2. Cash Rewards
Each piece of content is an asset. Assets have value. Do not ignore this. Can you define precisely what this value is and provide a monetary incentive to reflect this? This could come in the form of a per article bonus or a pay raise for regular contributions.
The important factor here is that your staff are working hard to generate direct value for your organization, so they should receive a share of this value in return. This is a means of showing your staff that their efforts are appreciated, and demonstrating to others that hard work does indeed reap rewards.
3. Non-Cash Rewards
To step it up a notch, consider introducing a “Content Producer of the Month” award to provide recognition and FREE STUFF for high quality work delivered on time. Provide prizes that staff members will actively engage with like gift vouchers for popular retail chains, or discounted rates for hotels, spas, or other attractions.
4. Give the Gift of Time
This one may be the hardest incentive to offer (or get approved), but we all know the value of time. An effective work/life balance is of great importance to your team, and you will find that your employees are happy to put in the extra effort in exchange for time off work. While you may be concerned about the potential of losing valuable staff working hours, there is significant evidence that providing this kind of additional time off has very real benefits for companies.
You may decide to call a half day on a Friday for your staff in return for excellent production of content. Alternatively, you may choose to offer longer lunch breaks if your content objectives are met. It is up to you to assess the specific needs of your business and your staff, as you work towards a solution that meets all of these criteria.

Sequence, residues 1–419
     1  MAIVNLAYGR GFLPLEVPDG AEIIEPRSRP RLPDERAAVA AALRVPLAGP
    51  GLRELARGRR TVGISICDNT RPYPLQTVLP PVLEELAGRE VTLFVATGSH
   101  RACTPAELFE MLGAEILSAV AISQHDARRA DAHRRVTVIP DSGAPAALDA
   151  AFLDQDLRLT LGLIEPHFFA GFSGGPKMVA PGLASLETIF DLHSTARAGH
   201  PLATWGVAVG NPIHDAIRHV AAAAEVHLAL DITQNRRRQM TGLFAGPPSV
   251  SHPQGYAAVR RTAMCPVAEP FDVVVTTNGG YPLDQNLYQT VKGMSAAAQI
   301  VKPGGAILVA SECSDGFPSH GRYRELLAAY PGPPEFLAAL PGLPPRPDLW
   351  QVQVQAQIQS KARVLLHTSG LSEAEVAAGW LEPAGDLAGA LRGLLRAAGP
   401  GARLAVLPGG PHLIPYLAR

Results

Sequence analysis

5. Support the Creative Process
Not all incentives have to be rewards after-the-fact. Consider this… You can ask your staff to produce content, or you can inspire the organic flow of content from them. This latter approach is far more effective, as it lends itself to the creation of content that is honest, insightful, and genuinely useful to the audience. Creative inspiration often comes from the environment in which they are working and the tools with which they are provided.
The physical environment your employees operate in is key to their levels of engagement. This is why companies are advised to pay as much attention to the break room and other recreational areas within your organization’s building as to the office itself. Providing technology such as iPads and computers, or leisure facilities such as a pool table, are effective incentives as you seek to create an enlivening and enriching atmosphere in which to create content.
Equipping your staff with creative tools that inspire can also be a great incentive strategy. A few ideas here… Give your staff a new prototype product to road test and ask them to report back. Or provide a camera and ask staff to document the development process of a new service. Encourage experimentation with software or apps that facilitate creative expression (think Shakr, Canva, or Omm Writer).
Lastly, nothing will disincentivize your content producers faster than inefficient processes and being forced to use clunky tools. Oh hey, we happen to offer a content planning and production tool that is specifically designed to keep things simple! You can try it FREE for 14 days.